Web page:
|Delivery Type||Delivery length / details|
|Lecture||At least 10 hours|
|Assessment Type||Assessment length / details||Proportion|
|Semester Exam||2 Hours Written Exam||50%|
|Semester Assessment||Laboratory notebook and report||50%|
|Supplementary Assessment||Will take the same form, under the terms of the Department's policy|
On successful completion of this module students should be able to:
Analyze a computer for deleted and hidden information.
Detect vulnerabilities in a computer system using appropriate tools, and secure against.
Demonstrate an understanding of threats to computer systems and computer networks.
Demonstrate an understanding of the ethical concerns involved in forensics.
Distinguish between relevant and irrelevant materials at a crime scene.
Develop a strategy for defending a computer system against attack.
To provide an insight into the growing field of forensic computing and network security.
The course will provide a practical and in-depth view of security of machines and networks, an overview of the tools available to monitor and analyse such machines and networks before the systems have been compromised, and also to analyse the forensic evidence left behind to trace culprits.
2. Footprinting and Scanning (1 lecture + 1 practical)
3. Viruses, Trojans and Backdoors (1 lecture + 1 practical)
4. Denial of Service ( 1 lecture + 1 practical)
5. Social Engineering (1 lecture)
6. IDS, Firewalls and Honeypots (1 lecture + 1 practical)
7. Cryptography (1 lecture + 1 practical)
8. Buffer Overflows & Web application vulnerabilities (4 practicals)
9. The use of forensic computing software (eg. EnCase, Penguin Sleuth, Knoppix STD) (4 practicals)
10. Hacking wireless networks (1 lecture)
11. Scene of crime analysis (1 lecture + 1 practical)
|Skills Type||Skills details|
|Application of Number||no|
|Communication||Presentation of workshop results as a report and//or lab workbook.|
|Improving own Learning and Performance||Inherent in level of subject|
|Information Technology||Inherent to subject|
|Personal Development and Career planning||no|
|Problem solving||Use of forensic analysis software|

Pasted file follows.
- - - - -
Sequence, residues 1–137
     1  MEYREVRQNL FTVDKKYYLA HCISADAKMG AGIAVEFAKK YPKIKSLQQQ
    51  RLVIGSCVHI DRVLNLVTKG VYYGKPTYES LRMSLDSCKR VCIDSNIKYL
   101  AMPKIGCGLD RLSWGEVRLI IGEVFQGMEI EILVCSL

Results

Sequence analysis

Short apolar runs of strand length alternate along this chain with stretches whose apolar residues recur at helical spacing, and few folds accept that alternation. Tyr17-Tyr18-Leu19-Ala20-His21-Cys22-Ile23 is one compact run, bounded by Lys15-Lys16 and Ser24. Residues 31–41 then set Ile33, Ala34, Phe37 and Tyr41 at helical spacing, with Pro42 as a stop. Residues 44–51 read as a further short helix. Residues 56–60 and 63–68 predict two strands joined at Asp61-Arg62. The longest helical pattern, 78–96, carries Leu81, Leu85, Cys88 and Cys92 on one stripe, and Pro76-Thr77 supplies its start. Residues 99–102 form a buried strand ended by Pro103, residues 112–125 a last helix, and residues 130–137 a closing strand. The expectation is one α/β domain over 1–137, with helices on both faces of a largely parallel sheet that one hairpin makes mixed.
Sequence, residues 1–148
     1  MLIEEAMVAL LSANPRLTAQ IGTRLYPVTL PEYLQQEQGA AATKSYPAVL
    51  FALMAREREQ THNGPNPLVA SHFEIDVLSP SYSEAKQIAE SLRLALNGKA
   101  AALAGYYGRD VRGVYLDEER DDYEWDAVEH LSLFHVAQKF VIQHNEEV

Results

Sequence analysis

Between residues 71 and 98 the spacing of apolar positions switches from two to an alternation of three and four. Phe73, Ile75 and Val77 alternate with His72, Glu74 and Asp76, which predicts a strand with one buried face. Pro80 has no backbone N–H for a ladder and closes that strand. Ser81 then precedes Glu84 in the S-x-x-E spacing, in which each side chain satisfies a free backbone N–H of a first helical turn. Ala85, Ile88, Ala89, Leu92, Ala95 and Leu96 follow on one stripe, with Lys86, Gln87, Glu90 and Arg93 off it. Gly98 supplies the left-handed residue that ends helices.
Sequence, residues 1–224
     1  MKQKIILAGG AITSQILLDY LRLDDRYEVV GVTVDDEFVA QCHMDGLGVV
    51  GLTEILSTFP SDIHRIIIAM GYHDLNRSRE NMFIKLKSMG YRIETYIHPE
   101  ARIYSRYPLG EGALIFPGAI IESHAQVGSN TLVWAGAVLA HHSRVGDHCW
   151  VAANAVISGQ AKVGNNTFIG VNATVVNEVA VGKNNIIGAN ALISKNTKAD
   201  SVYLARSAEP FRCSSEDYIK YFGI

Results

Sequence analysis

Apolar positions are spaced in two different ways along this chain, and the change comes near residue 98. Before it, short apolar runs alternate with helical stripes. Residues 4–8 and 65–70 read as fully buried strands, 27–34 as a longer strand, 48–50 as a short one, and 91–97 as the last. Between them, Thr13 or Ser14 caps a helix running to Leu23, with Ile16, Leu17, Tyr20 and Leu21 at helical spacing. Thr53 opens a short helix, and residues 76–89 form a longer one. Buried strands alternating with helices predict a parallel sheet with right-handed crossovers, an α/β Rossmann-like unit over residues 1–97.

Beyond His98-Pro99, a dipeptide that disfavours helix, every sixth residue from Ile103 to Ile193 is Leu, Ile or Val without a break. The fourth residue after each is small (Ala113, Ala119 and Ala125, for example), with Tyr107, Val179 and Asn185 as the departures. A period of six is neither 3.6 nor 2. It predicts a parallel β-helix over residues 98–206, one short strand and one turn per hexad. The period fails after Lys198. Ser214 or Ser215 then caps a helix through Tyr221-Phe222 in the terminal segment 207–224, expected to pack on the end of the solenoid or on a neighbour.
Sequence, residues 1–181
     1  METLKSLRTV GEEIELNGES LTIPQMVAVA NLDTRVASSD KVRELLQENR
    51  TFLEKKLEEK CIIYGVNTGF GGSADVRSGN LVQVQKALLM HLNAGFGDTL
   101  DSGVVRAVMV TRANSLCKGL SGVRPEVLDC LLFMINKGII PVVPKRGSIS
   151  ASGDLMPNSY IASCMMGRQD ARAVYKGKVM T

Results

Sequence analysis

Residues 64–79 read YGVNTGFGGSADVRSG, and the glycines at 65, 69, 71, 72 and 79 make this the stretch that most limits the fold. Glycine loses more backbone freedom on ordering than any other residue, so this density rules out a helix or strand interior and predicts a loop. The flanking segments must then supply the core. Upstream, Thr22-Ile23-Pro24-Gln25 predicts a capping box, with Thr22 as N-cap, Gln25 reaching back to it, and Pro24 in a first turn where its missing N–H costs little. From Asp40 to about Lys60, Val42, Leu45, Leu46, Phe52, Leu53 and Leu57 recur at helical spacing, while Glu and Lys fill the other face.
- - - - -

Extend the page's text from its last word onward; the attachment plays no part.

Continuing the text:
|Research skills||In order to do practicals|
|Team work||Working as pairs in lab work|
Reading ListGeneral Text
(2003.) Hacker's challenge 2 :test your network security &amp; forensic skills /Mike Schiffman ... [et al.]. McGraw-Hill/Osborne Primo search Farmer, Dan. (c2005.) Forensic discovery /Dan Farmer, Wietse Venema. http://www.loc.gov/catdir/toc/ecip052/2004024189.html Addison-Wesley Jones, Keith J. (2006.) Real digital forensics :computer security and incident response /Keith J. Jones, Richard Bejtlich, Curtis W. Rose. Addison-Wesley Primo search Mitnick, Kevin D. (c2002.) The art of deception :controlling the human element of security /Kevin D. Mitnick and William L. Simon. Wiley Primo search Provos, Niels. (c2008.) Virtual honeypots :from botnet tracking to intrusion detection /Niels Provos, Thorsten Holz. http://www.loc.gov/catdir/toc/ecip0718/2007020022.html Addison-Wesley Schiffman, Mike. (c2001.) Hacker's challenge :test your incident response skills using 20 scenarios /Mike Schiffman. Osborne/McGraw-Hill Primo search Spitzner, Lance. (c2003.) Honeypots :tracking hackers /Lance Spitzner. Addison-Wesley Primo search Vladimirov, Andrew A. (c2004.) Wi-Foo /Andrew A.Vladimirov, Konstantin V. Gavrilenko, Andrei A. Mikhailovsky. Addison-Wesley Primo search Recommended Text
Stoll, Clifford. (1990) The cuckoo's egg :tracking a spy through the maze of computer espionage /Clifford Stoll. Pocket books Primo search
This module is at CQFW Level 7